China between Empires: The Northern and Southern Dynasties

China between Empires: The Northern and Southern Dynasties

China between Empires: The Northern and Southern Dynasties

China between Empires: The Northern and Southern Dynasties


After the collapse of the Han dynasty in the third century CE, China divided along a north-south line. Mark Lewis traces the changes that both underlay and resulted from this split in a period that saw the geographic redefinition of China, more engagement with the outside world, significant changes to family life, developments in the literary and social arenas, and the introduction of new religions.

The Yangzi River valley arose as the rice-producing center of the country. Literature moved beyond the court and capital to depict local culture, and newly emerging social spaces included the garden, temple, salon, and country villa. The growth of self-defined genteel families expanded the notion of the elite, moving it away from the traditional great Han families identified mostly by material wealth. Trailing the rebel movements that toppled the Han, the new faiths of Daoism and Buddhism altered every aspect of life, including the state, kinship structures, and the economy.

By the time China was reunited by the Sui dynasty in 589 ce, the elite had been drawn into the state order, and imperial power had assumed a more transcendent nature. The Chinese were incorporated into a new world system in which they exchanged goods and ideas with states that shared a common Buddhist religion. The centuries between the Han and the Tang thus had a profound and permanent impact on the Chinese world.


Native accounts of Chinese history prefer to focus on times of unity and military power, and as a consequence they slight the four centuries after the Han state collapsed at the hands of religious rebels and regional warlords. the relegation of this period to secondary status is reflected in the absence of any conventionally agreed upon name. Following the traditional practice of periodization by dynasties, modern Chinese scholars call this the Wei, Jin, and Northern and Southern Dynasties. Western scholars have suggested alternatives such as the Age of Disunion or the Early Medieval period—but the former assumes that Chinese unity under a single regime was the normal state of affairs, which it was not, and the latter imposes a Western template on Chinese history.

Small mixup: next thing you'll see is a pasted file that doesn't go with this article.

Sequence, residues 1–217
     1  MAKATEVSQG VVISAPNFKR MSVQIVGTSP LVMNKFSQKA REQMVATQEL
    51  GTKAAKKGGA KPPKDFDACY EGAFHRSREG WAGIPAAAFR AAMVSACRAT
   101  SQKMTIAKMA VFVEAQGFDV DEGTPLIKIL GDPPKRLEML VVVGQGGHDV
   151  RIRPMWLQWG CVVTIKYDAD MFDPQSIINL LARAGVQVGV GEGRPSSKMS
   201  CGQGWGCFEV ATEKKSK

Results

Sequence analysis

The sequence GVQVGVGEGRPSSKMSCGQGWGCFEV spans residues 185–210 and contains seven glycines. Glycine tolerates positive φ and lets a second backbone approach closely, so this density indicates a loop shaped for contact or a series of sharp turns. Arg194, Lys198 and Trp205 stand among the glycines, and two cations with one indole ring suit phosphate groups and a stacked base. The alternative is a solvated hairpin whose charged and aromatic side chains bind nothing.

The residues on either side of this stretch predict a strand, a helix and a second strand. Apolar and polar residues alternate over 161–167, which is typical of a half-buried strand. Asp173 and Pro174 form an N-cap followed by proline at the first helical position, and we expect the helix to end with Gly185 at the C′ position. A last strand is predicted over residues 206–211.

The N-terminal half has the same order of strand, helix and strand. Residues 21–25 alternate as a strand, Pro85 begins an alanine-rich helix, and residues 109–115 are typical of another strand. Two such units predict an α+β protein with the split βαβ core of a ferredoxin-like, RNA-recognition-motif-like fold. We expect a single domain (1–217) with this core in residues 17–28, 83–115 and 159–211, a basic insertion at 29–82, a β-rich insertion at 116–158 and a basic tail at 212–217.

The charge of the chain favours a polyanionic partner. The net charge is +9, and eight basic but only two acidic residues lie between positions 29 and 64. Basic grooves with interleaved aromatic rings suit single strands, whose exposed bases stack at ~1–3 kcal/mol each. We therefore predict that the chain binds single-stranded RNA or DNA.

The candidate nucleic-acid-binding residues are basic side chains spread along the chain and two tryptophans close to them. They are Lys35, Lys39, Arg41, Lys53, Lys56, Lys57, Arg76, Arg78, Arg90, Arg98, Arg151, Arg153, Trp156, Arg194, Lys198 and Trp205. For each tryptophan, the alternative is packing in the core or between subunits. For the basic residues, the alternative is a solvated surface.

While acknowledging its limits, I have adopted a modified Chinese name—the Northern and Southern Dynasties—for two reasons. First, this designation simplifies the native terminology by recognizing that the political world during these four centuries was defined by a split between the drainage basins of China's two major rivers. During the so-called Wei period—better known as the Three Kingdoms—China was divided between one state that ruled the Yellow River valley in the North and two that partitioned the Yangzi valley in the south. the subsequent Jin period united China for only three decades, followed by a century of renewed division between the Yellow River and the Yangzi.

But a second and more important reason for preferring the rubric of “north and south” is that major changes associated with this geographical division in many ways define the historical significance of this period. the southward migration of a large percentage of the Han population . . .

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